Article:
Rio de Janeiro is known as much for its beautiful beaches and vibrant culture as for the dramatic contrast between its wealthy neighborhoods and numerous favelas – areas historically characterized by high rates of housing informality, poverty, and resource scarcity. This polarization has earned Rio de Janeiro the label of the “dual city,” the “divided city,” or the “split city” (Ribeiro and Telles, 2011; Rocha, 2005; Ventura, 1994) and made it a popular case study for understanding how global, national, and municipal level trends and policies contribute to urban inequality. Unlike other cities where poor neighborhoods are concentrated along the peripheries (Hardoy and Satterthwaite, 2014; Simon, 2008), many of Rio’s favelas abut downtown and tourist areas and wealthy neighborhoods, reflecting a certain embeddedness of “the fringes” of the city within its core geographic, economic, and social spaces.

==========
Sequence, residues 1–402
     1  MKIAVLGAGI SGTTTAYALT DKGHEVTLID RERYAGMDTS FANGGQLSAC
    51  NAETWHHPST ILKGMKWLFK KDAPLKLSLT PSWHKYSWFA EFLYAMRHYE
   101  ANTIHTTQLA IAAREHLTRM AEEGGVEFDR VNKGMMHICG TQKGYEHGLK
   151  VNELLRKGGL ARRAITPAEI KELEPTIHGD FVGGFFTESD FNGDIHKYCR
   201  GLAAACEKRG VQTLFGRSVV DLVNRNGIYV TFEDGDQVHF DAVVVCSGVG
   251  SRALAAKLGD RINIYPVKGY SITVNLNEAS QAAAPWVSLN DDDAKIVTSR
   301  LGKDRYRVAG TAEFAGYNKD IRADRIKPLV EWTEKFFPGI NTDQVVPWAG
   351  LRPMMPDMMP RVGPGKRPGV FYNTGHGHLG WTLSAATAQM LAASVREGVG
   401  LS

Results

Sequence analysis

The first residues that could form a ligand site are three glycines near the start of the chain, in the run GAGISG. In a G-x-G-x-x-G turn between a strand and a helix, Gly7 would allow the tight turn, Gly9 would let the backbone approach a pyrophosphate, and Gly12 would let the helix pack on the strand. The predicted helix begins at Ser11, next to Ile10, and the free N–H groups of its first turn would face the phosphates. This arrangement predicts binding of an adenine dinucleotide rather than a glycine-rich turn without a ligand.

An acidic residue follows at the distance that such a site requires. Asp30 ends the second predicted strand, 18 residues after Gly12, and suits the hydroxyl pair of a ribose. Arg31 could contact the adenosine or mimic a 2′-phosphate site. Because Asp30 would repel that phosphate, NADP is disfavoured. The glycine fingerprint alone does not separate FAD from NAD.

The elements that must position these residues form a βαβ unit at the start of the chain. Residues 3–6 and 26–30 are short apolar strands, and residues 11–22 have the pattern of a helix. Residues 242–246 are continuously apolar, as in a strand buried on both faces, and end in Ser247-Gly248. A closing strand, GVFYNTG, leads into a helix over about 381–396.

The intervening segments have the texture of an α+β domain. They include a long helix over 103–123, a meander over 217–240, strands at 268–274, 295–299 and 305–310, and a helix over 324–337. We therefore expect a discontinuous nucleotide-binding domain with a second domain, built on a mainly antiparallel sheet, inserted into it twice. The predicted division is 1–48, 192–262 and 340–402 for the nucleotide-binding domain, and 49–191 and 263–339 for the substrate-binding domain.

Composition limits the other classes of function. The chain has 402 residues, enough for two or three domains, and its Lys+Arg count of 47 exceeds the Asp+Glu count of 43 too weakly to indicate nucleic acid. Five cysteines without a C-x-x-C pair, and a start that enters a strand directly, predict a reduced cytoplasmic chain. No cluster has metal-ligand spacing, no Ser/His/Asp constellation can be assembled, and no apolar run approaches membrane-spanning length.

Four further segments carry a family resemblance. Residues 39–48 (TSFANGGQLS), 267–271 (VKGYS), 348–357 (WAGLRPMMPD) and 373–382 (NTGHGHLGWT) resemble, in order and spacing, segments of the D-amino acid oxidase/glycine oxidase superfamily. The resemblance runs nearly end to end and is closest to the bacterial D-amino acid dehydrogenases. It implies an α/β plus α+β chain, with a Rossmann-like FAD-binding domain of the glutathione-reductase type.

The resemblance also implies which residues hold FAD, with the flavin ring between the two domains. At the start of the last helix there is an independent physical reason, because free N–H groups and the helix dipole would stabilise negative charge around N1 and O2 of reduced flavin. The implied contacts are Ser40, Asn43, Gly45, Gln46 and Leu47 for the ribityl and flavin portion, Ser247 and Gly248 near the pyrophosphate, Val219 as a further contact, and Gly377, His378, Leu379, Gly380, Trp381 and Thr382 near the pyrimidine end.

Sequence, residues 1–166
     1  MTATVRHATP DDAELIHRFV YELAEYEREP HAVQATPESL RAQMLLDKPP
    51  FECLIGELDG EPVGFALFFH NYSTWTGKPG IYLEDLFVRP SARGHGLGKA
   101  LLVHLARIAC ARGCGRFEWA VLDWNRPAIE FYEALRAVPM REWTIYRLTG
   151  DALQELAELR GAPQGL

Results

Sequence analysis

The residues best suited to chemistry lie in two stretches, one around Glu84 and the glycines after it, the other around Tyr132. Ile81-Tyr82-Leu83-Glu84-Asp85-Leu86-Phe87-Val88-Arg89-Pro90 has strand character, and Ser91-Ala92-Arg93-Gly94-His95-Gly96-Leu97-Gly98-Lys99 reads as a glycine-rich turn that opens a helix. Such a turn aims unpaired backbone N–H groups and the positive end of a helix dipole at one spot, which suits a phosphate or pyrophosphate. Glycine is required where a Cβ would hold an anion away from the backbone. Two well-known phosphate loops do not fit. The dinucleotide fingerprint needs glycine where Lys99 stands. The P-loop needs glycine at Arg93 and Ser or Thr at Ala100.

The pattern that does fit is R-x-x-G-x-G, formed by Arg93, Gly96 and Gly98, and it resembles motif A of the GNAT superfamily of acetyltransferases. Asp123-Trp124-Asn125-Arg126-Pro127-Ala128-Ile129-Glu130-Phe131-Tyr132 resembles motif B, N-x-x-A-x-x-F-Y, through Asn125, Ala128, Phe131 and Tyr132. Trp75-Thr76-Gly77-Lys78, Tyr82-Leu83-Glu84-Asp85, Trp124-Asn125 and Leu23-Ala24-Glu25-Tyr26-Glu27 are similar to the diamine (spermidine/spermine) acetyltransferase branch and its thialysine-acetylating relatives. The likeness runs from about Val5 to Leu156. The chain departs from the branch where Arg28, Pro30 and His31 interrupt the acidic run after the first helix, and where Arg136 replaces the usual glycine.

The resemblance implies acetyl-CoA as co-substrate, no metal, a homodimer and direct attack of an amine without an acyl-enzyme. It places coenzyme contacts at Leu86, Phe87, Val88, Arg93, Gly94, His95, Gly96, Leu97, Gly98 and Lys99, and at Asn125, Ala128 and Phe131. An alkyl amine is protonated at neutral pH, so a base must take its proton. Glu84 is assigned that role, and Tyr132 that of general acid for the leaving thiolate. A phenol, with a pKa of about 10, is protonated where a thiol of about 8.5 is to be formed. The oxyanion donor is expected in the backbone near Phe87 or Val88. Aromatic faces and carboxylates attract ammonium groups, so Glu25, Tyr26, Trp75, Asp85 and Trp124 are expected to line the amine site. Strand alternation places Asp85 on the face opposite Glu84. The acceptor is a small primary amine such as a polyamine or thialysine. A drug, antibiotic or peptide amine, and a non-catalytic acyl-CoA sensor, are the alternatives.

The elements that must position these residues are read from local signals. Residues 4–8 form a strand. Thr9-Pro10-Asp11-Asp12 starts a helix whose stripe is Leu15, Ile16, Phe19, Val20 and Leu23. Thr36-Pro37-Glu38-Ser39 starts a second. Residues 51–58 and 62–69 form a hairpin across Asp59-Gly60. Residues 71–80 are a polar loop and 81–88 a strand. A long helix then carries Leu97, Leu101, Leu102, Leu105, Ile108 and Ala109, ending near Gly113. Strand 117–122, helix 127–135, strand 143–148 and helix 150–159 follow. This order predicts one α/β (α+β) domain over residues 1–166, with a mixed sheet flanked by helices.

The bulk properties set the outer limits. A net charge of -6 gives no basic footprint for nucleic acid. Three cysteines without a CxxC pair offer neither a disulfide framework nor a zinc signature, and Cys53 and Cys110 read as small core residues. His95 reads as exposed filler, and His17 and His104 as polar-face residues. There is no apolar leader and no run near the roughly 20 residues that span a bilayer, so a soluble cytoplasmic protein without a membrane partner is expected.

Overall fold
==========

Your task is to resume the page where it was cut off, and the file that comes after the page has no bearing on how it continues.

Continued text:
This chapter considers the processes of “fringe-making” in Rio de Janeiro. First, it examines how national transitions and municipal policies interacted to produce a geography of exclusion within the city. Then, a consideration of recent state efforts to improve favela residents’ quality of living and some of the opportunities these have created for residents’ security and social mobility follows. The increase of state interventions in favelas in the last 40 years suggests that social polarization in the city is not simply a product of state neglect and aggression, but of uneven development in which the state is both present and absent, helpful and harmful, often at the same time. The chapter concludes with some thoughts about how a historical, contextual analysis of the making and remaking of Rio’s favelas helps us better understand the complex and dynamic relationship between the state and its most vulnerable citizens.